Further, the VKAs are widely perceived to be associated with an unacceptable risk of intracranial haemorrhage. The fear of bleeding is a major consideration when implementing anticoagulation therapy, as the risk of bleeding may be higher than the risk of stroke for some patients, which may explain why some physicians do not perceive the guidelines to be fully justified in clinical practice. Sam Schulman and Rebecca Beyth review the epidemiology and risk factors for bleeding complications with VKAs in patients with AF and the applicability of bleeding rates obtained in clinical trials to clinical practice. Effective corrective treatment of excessive anticoagulation and bleeding episodes, which are crucial for the outcome and different modalities, are also discussed.

Finally, Paul Miller and coworkers summarize the key components of health economic evaluations of antithrombotic treatments for stroke prevention in patients with AF. Of the key components of economic analyses of antithrombotic therapies for stroke prevention, the avoidance of stroke is likely to have the greatest impact on costs and quality of life. Thus, health economic decision-making must balance these gains against the cost of the drug and the management of VKA therapy. The authors suggest that the substantial socioeconomic burden of stroke can be reduced by ensuring that patients with AF receive appropriate anticoagulant therapy and that effective and/or improved antithrombotic treatment strategies are likely to reduce the burden of stroke, as well as bleeding complications.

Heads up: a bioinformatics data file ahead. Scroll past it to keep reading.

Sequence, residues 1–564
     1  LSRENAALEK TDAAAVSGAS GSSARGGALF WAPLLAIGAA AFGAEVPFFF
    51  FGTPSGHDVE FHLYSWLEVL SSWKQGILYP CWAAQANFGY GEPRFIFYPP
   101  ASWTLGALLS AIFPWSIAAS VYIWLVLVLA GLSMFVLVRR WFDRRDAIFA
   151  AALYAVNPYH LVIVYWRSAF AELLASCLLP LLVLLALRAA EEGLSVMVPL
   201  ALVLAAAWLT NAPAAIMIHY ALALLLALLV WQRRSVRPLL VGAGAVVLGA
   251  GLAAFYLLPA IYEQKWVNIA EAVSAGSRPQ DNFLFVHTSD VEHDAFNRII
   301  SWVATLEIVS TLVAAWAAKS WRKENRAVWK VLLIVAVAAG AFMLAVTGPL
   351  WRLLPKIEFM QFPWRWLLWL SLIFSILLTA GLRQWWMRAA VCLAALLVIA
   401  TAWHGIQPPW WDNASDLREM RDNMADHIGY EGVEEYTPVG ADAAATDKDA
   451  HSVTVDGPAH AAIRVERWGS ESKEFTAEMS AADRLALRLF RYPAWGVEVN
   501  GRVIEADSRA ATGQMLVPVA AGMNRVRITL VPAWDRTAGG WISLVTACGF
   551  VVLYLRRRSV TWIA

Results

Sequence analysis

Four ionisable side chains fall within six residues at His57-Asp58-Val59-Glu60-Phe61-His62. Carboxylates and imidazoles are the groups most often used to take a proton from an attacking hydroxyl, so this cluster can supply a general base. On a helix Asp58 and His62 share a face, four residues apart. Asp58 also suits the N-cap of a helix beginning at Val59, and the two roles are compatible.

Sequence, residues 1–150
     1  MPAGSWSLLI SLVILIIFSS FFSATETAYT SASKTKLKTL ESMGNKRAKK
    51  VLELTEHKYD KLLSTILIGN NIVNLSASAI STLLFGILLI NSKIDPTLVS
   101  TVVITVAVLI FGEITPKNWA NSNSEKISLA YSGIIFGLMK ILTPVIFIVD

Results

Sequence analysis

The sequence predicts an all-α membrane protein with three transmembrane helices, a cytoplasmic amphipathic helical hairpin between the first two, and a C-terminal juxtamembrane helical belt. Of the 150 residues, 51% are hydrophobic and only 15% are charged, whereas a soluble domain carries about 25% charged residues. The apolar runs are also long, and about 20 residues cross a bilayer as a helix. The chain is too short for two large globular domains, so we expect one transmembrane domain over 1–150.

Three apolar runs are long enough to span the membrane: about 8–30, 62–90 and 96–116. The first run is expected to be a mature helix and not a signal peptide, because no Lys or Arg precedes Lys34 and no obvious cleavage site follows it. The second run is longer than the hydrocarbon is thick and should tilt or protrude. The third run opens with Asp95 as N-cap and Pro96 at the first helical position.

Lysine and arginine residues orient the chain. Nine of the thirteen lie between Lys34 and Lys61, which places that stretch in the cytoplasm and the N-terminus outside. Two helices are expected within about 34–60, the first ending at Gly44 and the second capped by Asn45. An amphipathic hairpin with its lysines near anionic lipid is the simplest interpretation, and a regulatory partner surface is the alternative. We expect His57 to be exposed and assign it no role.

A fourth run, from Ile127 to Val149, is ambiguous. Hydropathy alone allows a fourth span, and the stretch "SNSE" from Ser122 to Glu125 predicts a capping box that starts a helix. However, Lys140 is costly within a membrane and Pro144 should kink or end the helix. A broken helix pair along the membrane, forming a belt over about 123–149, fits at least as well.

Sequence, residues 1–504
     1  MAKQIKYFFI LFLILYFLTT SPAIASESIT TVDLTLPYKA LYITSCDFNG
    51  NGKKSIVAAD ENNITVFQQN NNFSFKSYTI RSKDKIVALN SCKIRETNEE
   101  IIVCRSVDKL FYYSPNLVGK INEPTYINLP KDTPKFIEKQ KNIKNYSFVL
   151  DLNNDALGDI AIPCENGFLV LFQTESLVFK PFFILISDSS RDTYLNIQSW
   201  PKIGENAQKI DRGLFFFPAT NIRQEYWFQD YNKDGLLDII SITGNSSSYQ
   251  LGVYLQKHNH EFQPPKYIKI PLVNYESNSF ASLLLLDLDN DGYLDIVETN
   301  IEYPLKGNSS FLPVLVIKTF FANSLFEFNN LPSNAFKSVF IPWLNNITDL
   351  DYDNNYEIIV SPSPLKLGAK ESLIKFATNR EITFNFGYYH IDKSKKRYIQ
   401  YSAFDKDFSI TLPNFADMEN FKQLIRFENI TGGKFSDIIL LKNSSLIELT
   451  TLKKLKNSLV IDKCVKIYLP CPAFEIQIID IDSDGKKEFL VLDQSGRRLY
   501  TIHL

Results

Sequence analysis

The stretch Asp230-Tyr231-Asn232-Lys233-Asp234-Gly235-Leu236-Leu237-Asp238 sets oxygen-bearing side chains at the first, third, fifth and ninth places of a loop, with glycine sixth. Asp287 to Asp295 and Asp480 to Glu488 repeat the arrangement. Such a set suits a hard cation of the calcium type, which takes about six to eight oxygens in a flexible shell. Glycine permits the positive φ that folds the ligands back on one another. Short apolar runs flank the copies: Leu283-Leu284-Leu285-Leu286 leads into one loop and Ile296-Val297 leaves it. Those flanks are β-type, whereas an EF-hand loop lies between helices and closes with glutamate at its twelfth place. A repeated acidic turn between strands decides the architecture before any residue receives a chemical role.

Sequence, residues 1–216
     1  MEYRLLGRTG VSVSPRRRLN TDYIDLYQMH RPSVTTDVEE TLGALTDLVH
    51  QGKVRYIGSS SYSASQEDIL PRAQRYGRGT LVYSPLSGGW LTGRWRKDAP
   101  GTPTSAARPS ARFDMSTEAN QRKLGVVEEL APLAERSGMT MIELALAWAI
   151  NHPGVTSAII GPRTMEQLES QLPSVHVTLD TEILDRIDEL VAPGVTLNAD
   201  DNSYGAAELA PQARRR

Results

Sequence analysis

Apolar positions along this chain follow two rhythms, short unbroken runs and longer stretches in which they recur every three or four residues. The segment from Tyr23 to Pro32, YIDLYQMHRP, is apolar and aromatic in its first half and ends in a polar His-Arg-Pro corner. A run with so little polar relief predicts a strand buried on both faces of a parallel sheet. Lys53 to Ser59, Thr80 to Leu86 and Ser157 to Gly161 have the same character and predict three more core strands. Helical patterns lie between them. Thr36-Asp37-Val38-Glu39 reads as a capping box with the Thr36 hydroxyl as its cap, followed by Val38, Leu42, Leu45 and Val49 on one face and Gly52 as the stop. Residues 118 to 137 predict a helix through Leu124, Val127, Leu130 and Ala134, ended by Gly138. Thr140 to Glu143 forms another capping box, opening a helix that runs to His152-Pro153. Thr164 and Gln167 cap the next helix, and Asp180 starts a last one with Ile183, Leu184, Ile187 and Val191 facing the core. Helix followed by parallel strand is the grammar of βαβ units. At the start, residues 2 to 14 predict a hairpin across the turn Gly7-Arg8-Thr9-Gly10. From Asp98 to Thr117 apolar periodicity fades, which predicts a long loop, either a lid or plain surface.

In summary, therefore, this series of articles authored by eminent experts in the field of thrombosis, reflects an up-to-date review of antithrombotic therapy for the prevention of stroke in patients with AF. Considering the complexities surrounding prescribing oral anticoagulation in patients with AF, new strategies with a superior benefit:risk ratio to current treatment modalities are required in the armamentarium for the prevention of thromboembolic events in patients with AF.

Acknowledgement

Thrombosis Quorum is supported by an educational grant from AstraZeneca. This Supplement has been developed as part of the Thrombosis Quorum initiative, under the direction of the Thrombosis Quorum Steering Group [G. Agnelli (Chairman), P. Bath, J. Emmerich, B. Gersh, M. Ögren, S. Schulman, and J. Weitz].